Arsenopyrite

saf-ahyuh r

Arsenopyrite is the most common arsenic mineral and gets its name from the combination of its former name: aresenical pyrites. Its color is silver-white to steel-gray on freshly broken surfaces. It yields a garlic odor when heated and the fumes can be toxic. It may tarnish to form an iridescent layer. Although arsenic has a reputation for being poisonous to humans, complex compounds are actually used in the treatment of disease caused by microorganisms.

Arsenopyrite Polished
Arsenopyrite Classification
Common Name Arsenopyrite
Species Arsenopyrite
Arsenopyrite Optical Properties
Transparency Opaque
Pleochroism None
Arsenopyrite Characteristic Physical Properties
Hardness 5.5-6
Streak Gray To Black
Specific Gravity 5.900-6.200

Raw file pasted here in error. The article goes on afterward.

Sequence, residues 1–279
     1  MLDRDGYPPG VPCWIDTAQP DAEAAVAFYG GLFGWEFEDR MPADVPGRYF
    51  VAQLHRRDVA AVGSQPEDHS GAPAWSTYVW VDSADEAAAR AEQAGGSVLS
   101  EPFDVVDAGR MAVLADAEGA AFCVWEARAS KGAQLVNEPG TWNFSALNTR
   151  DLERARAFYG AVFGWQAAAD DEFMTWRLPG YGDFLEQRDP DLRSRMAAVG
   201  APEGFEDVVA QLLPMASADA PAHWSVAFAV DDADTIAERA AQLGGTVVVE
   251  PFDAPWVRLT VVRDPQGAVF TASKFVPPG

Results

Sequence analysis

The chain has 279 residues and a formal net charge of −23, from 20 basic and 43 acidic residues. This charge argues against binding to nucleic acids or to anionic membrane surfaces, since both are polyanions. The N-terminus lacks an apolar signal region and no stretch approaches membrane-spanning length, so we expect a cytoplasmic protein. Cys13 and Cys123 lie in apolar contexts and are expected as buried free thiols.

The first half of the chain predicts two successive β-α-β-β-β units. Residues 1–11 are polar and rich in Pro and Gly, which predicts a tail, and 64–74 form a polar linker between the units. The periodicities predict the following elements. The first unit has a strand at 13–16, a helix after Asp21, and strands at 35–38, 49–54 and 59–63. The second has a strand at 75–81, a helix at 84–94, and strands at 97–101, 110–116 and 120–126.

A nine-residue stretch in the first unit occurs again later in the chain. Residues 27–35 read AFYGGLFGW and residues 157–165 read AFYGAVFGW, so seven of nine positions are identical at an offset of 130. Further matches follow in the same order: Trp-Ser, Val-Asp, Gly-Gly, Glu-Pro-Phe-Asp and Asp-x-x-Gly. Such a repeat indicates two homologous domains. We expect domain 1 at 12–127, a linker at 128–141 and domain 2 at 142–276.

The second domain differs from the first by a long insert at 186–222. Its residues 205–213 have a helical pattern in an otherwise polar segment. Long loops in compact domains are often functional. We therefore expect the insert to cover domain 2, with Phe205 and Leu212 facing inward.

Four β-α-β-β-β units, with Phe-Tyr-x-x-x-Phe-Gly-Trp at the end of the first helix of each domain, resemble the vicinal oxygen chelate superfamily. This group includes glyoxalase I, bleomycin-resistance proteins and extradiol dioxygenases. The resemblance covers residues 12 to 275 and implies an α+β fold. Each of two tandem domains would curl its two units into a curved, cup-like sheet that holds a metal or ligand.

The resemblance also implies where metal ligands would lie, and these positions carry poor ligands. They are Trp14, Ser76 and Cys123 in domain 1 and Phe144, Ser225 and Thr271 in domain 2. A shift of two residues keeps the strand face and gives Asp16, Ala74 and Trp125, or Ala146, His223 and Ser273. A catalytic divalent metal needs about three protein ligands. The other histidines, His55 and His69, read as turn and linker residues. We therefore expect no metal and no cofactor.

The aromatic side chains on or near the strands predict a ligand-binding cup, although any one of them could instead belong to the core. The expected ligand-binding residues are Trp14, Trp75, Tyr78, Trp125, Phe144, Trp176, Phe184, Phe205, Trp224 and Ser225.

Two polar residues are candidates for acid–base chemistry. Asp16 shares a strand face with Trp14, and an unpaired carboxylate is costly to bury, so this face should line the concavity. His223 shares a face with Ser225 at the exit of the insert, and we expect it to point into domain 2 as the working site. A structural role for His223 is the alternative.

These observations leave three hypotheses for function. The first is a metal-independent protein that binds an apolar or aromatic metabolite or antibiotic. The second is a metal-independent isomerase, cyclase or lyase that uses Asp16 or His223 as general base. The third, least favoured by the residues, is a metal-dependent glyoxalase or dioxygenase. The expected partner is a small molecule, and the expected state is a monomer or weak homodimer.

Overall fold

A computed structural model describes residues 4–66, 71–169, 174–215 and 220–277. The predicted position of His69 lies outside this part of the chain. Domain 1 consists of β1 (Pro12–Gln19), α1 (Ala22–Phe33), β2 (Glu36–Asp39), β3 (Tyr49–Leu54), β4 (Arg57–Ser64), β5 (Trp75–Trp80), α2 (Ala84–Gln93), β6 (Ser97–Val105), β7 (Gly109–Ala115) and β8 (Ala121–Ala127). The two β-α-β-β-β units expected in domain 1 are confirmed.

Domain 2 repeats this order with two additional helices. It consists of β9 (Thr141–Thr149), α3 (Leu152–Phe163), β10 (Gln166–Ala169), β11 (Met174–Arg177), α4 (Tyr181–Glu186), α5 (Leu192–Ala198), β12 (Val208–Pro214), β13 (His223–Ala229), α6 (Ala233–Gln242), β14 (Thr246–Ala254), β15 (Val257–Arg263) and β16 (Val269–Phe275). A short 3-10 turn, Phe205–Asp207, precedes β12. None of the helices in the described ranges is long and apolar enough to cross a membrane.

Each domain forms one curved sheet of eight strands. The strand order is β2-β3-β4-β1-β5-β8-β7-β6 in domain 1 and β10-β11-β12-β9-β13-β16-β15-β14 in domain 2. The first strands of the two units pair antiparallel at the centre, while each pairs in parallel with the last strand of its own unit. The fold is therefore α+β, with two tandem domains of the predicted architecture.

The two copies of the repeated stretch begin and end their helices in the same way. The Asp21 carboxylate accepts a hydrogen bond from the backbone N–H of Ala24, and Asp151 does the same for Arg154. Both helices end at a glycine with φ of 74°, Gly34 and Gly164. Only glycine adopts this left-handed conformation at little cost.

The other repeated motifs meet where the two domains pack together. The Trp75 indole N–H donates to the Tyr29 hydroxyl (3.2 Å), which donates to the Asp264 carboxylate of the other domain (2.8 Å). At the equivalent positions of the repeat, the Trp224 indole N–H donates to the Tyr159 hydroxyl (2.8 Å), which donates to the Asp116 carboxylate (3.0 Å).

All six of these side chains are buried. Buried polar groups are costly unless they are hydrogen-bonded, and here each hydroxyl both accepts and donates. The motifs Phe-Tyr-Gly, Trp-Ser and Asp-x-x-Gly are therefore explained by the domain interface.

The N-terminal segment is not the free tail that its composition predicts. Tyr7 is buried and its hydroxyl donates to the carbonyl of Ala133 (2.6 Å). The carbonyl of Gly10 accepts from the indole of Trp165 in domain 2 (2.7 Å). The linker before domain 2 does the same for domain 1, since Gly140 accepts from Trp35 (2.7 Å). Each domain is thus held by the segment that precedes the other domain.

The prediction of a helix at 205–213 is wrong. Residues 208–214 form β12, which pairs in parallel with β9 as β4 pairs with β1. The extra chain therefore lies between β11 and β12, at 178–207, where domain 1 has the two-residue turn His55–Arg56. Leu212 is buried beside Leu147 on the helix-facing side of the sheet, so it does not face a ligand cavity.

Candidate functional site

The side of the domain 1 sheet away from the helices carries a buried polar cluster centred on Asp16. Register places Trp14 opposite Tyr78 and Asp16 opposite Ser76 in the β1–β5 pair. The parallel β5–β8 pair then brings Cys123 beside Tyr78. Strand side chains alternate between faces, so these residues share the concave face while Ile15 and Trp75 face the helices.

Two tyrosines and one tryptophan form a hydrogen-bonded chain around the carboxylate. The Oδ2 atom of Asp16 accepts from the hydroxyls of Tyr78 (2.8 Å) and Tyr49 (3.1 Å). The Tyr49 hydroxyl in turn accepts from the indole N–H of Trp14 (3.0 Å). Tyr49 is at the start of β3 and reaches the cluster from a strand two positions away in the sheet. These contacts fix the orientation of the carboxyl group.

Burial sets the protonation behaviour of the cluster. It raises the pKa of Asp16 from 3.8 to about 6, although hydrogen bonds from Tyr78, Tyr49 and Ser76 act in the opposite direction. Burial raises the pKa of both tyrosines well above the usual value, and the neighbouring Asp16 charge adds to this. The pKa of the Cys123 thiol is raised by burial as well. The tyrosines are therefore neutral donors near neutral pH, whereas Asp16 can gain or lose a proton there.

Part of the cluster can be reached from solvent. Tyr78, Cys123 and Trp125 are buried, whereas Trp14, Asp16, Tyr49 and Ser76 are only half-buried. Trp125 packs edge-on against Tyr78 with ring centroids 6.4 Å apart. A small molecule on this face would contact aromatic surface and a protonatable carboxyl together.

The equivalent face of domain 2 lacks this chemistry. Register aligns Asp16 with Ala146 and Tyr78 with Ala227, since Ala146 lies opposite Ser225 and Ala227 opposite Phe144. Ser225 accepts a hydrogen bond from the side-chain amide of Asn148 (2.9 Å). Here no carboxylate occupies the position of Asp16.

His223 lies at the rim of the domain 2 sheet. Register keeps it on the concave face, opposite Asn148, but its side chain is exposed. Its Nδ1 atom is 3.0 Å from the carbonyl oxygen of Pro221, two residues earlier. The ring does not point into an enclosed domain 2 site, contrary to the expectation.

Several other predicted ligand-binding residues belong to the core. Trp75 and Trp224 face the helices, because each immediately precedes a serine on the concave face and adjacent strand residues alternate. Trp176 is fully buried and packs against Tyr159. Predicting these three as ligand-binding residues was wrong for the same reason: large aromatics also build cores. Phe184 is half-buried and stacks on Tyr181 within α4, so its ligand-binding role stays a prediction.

Toughness Poor
Luster Metallic
Stability Poor
Fracture Uneven
Cleavage Good, in one direction
Arsenopyrite Chemistry & Crystallography
Chemical Name iron arsenide sulfide
Chemical Formula FeAsS
Crystal System Monoclinic
Chemistry Classification Sulfide

Arsenopyrite Colors

  • Yellow Arsenopyrite Yellow
  • Gray Arsenopyrite Gray

Alternate Names

Mispickel

Countries of Origin

China; Mexico

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Tim Matthews

Tim Matthews is President and Chief Executive Officer of Jewelry Television® (JTV), as well as a member of the company's Board of Directors. He oversees and leads all aspects of the company's powerful omni-digital retail platform that uniquely specializes in fine jewelry and gemstones. His passion for business and gemstones has led him to become a recognized expert in the field of gemology. He is a life member of the Gemmological Association of Great Britain (Gem-A) and has earned Gem-A's highest degrees, the Gemmology (FGA) and Diamond (DGA) diplomas. He is also a Graduate Gemologist (GG) of the Gemological Institute of America (GIA) and has also completed GIA's Graduate Diplomas in Diamonds, Colored Stones and Pearls. Under his leadership, JTV has become the leader in the sourcing and selling of color gemstones and jewelry.

This page was created on June 27, 2014.

This page was last edited on October 24, 2019.